Helvetica Neue, played by Bala

Wingdings, played by Bala

Dr. Courier New, played by Bala


5 Sept: Updated script @ Comic Sans Script

7 Sept: Updated presentation slides @


How we have answered the project requirements:


  • The context in which it originated
  • Who designed it?
  • Why was it designed (reason of existence)?
We answered this requirement in Comic Sans’ soliloquy and Gill Sans’ final defense for Comic Sans:

“My maker was a Microsoft designer, Vincent Connare. He made me for a program called Microsoft Bob, which was a graphical interface for people who didn’t know how to use computers. I was made to be displayed in speech bubbles on a pixelated screen. He only designed me in three days, but he wanted to make something that people could read on small monitors. That would make kids want to use computers.”

”This is because he is the only free default font on Windows with undeniably friendly character, the only font with an element of humor and fun at that time in 1994.”

Context in which it originated:

  • In 1994, in a program called Microsoft Bob

Who designed it?

  • Vincent Connare

Why was it designed?

  • For kids and for people who didn’t know how to use speech bubbles; Windows needed a ‘friendly’ font
  • Specifically made for the screen (Windows 95 did not have anti-aliasing) does much better than Garamond
Examples of application and existence We have given examples where it was used more appropriately (memes, Microsoft Bob) as well as less appropriately (police cards, newspaper headlines etc as shown in the Helvetica video)
How has this typeface influenced us?  (researched + personal views) i.e. significance in both historical and contemporary context It’s significance lies in the controversy surrounding Comic Sans, which we have expressed in the cases for and against Comic Sans, to have the audience judge for themselves whether the hate towards Comic Sans today is warranted.

Comic Sans in historical context

  • Symbol of new technology in design – technology affecting all aspects of life, even children
  • Microsoft’s take on the classic comic lettering font used in comics of the 30s all the way up to 90s
    • Original comic fonts were hand-lettered by letterers and developed a distinctive handwriting style of their own
    • Popularized by newspaper comics and osmosis of superhero/detective comics into popular culture
  • Designed for Microsoft Bob as an attempt to make computers more relatable to humans

In contemporary context

  • Divorced from original comics context
  • Seen as a childish badly designed font, esp. in comparison with modern typefaces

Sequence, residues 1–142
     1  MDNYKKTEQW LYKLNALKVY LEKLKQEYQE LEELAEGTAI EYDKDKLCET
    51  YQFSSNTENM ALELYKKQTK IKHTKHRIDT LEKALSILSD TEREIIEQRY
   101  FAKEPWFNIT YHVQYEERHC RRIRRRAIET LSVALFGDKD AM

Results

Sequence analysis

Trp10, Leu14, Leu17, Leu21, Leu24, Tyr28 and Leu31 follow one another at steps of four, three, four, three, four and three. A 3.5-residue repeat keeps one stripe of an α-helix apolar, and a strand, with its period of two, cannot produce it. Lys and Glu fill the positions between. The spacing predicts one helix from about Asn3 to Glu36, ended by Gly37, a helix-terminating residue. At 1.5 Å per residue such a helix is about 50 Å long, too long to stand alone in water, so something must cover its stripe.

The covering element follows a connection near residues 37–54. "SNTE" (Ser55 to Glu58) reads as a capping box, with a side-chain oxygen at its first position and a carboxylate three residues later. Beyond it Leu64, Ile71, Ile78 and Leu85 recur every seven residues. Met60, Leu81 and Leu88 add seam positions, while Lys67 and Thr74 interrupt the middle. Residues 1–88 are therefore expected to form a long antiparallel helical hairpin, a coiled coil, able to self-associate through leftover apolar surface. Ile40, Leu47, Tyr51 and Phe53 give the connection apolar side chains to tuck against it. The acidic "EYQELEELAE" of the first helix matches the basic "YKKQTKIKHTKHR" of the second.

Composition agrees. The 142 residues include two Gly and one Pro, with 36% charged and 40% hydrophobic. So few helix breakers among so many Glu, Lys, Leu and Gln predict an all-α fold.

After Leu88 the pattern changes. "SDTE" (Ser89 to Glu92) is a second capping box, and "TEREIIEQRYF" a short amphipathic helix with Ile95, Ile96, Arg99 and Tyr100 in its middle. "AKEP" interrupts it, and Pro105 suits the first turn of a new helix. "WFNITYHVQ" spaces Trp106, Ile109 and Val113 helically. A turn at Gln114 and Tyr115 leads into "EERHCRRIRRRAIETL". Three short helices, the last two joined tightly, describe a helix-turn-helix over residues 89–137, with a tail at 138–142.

• Often found in inappropriate contexts
  • Status as Microsoft default font makes it extremely common, recognizable, and “basic”

Cases against:

  • Overused, and inappropriately
  • Not a great font visually
    • Bad kerning
    • Poor weight distribution

Cases for:

  • Not necessarily overused: In the usage of Comic Sans, people display an awareness of fonts’ ability to communicate
  • Accessible
  • Very legible, and tests have shown that it makes complex information easier to understand; used by dyslexia coaches as it facilitates reading.
  • Undeniable character: friendly, laid-back




Initially before conducting a research topic on Comic Sans, my judgement on Comic Sans has always been neutral. Though I dislike using it, I do not jump onto that hate bandwagon. Particularly because I do not find it amusing to hate a font. Comic Sans is one of the most frequently used fonts in the world, but at the same time, it is widely hated and ridiculed. Through this research and presentation, I finally got to know the reasons behind all the hatred as well as the initial motives of Comic Sans.

The history of Comic Sans, however, is a great way to be introduced to typography and fonts. This is because one has to learn about the kerning as well as the effective weight distribution which what makes a font looks presentable and legible. However, people use Comic Sans everywhere without much thought or care. The inappropriate usage of Comic Sans is the main reason to the massive hatred that it had receive from around the world – till today. Hence, after this research, I found it understandable and it serves a great lesson for all.


Through this research on Comic Sans, I have started to see the font in a different light and realised that it is a widely misunderstood font. At the same time, empathizing with it after reading on its background. It was the only ‘friendly-looking’ default font available during that time, hence it is understandable that people wanted to use it to express themselves in the least hostile way. It has also become clear to me that others, not just graphic designers, know that fonts give different moods and feelings.

Due to the misuse and overuse of the font, it is often portrayed in a negative light. However, I have learned that we can’t judge how people use the font in whatever context because everyone has a different way of expressing themselves.

Kee Yong

Comic Sans is an interesting case study because it’s one of the fonts almost universally considered to be “bad.” Where other fonts were created with purpose, Comic Sans was a throwaway font designed for a niche use case.

In my opinion, learning what not to do as a designer is often more informative than learning what to do. Comic Sans is a perfect example: it reinforces the lessons of typography and graphic design by showing the results when graphic design is ignored.

Despite this it’s surprisingly good when used in its intended role — small pixelated onscreen text — which shows that the rules of typography can also sometimes be broken.